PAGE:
Keeping the Republic
But there are signs of hope. Thanks to the conservative shift in the U.S. Supreme Court
On September 17, 1787, the last day of the Constitutional Convention in Philadelphia, Benjamin Franklin was reportedly asked what kind of government we now had. His reply was “A republic, if you can keep it.” Surely in that statement Dr. Franklin indicated a deep understanding that “…secur(ing) the Blessings of Liberty to ourselves and our Posterity…” would require that each generation of Americans study, understand, appreciate and defend this new Constitution, and pass along its immense importance to the next. As with any organization that fallen man establishes, there will be drift if a commitment to remain faithful to written core principles is not diligently maintained.
The Founders exercised Godly wisdom in giving this new national government a very limited number of “enumerated powers,” and declaring in Article 10 of the Bill of Rights that “The powers not delegated to the United States by the Constitution, nor prohibited by it to the States, are reserved to the States respectively, or to the people.” Our current condition is far removed from that design, as evidenced by the immense size and overreach of the national government; and also by the erosion of, and continual attacks on, our God-given, Constitutionally-protected rights. There are well over 200 federal agencies (no one seems to know the exact number) to which Congress has given authority to make rules that have the force of law. Our Second Amendment rights have recently been under attack again by Congress itself. And some on the left have even started openly calling for elimination of the Constitution altogether.
But there are signs of hope. Thanks to the conservative shift in the U.S. Supreme Court a few years ago, the latest session saw the removal of the federal government’s illegitimate authority over the states on the issue of abortion, the reigning in of some of the Environmental Protection Agency’s onerous “rules,” reaffirming religious freedom protections under the First Amendment, and confirming that the Second Amendment does indeed protect an individual right …”to keep and bear arms.” And momentum is building at the state level to eliminate other restrictions wrongly imposed by the federal government.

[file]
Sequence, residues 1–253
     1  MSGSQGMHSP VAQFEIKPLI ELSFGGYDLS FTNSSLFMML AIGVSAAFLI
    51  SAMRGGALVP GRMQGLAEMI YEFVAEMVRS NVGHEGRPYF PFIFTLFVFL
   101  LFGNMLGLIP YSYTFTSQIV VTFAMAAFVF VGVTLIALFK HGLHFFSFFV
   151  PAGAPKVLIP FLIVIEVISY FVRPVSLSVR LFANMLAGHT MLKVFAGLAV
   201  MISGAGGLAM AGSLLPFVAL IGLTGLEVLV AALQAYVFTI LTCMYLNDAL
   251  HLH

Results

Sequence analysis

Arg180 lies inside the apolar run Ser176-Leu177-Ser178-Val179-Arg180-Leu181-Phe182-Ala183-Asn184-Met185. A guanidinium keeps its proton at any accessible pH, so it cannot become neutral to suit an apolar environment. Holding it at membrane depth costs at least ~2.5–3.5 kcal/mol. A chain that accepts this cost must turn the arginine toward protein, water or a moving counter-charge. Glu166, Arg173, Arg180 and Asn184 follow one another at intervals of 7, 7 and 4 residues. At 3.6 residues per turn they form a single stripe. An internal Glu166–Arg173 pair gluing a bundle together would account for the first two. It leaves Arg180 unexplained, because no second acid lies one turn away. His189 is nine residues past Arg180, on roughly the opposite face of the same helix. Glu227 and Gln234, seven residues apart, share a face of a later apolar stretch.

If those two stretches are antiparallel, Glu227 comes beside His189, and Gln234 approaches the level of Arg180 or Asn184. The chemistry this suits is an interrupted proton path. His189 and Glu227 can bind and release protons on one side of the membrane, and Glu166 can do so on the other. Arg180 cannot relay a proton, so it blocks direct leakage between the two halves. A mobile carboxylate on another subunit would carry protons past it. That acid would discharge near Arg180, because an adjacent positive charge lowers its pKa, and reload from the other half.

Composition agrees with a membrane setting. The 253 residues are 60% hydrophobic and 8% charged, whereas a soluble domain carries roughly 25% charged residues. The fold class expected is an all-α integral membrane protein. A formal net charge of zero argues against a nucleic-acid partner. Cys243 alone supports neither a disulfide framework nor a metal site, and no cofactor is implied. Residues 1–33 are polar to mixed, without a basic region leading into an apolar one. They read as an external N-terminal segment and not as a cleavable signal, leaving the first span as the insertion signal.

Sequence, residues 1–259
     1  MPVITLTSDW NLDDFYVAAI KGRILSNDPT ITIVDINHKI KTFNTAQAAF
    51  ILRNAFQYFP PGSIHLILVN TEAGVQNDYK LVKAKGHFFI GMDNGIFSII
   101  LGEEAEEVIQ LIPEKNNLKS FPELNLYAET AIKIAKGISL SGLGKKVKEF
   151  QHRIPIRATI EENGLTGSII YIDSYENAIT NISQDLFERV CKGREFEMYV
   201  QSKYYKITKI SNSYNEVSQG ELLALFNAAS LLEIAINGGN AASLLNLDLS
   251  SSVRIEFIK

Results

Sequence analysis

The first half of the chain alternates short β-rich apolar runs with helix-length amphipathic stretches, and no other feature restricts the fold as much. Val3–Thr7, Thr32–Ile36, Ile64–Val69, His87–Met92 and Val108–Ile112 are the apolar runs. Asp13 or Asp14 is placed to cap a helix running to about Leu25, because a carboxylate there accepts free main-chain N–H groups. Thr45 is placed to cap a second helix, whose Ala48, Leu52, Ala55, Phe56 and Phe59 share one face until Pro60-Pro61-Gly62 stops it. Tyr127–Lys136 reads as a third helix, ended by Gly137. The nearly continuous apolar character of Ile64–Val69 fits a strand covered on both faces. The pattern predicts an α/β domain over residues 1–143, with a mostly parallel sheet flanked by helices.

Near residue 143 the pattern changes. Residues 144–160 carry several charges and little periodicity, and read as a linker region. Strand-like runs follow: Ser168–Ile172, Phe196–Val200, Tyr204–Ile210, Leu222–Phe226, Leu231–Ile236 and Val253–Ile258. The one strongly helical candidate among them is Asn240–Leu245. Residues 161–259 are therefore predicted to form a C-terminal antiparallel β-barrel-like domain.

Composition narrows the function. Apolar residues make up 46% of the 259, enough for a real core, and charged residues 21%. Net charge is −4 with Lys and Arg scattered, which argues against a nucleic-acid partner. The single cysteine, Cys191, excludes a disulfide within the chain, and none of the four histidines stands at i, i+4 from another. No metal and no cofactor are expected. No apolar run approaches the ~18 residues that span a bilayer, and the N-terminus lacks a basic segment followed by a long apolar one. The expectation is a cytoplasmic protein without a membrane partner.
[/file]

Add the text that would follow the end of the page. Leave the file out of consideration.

So let’s do our part to continue restoration of the proper Constitutional order. Deepen your knowledge of the history and meaning of the Constitution - I recommend Hillsdale College’s Constitution courses, available for no cost on its website. Contact elected representatives to express appreciation or concerns. Support organizations and candidates with proven Constitutional conservative track records. Vote in every election. Pass along to the next generations what a blessing from God this nation and the Constitution have been to its citizens and the world (it shouldn’t be a mystery why so many people from other nations want to come to America). And most importantly, pray for God’s continued blessing on our nation and for wisdom in doing our part to preserve what He has given us.
The Founders understood that power needed to be kept as near to the people’s control as possible, and that forming a constitutional, representative republic was the best way to accomplish that. They formed the republic - we must continuously work if we are to keep it!
Mark DuBois is a Captain for a major airline. He is a life-long resident of Mississippi, graduating from Southaven High School and Mississippi State University, where he earned B.S. and M.S. degrees in Aerospace Engineering. He was commissioned as an officer through Air Force ROTC at MSU and then spent 9 years as an Air Force pilot. He has been married for 34 years to his high school sweetheart, Michele. They have four adult children. Mark serves as a member of the Mississippi Freedom Caucus steering committee.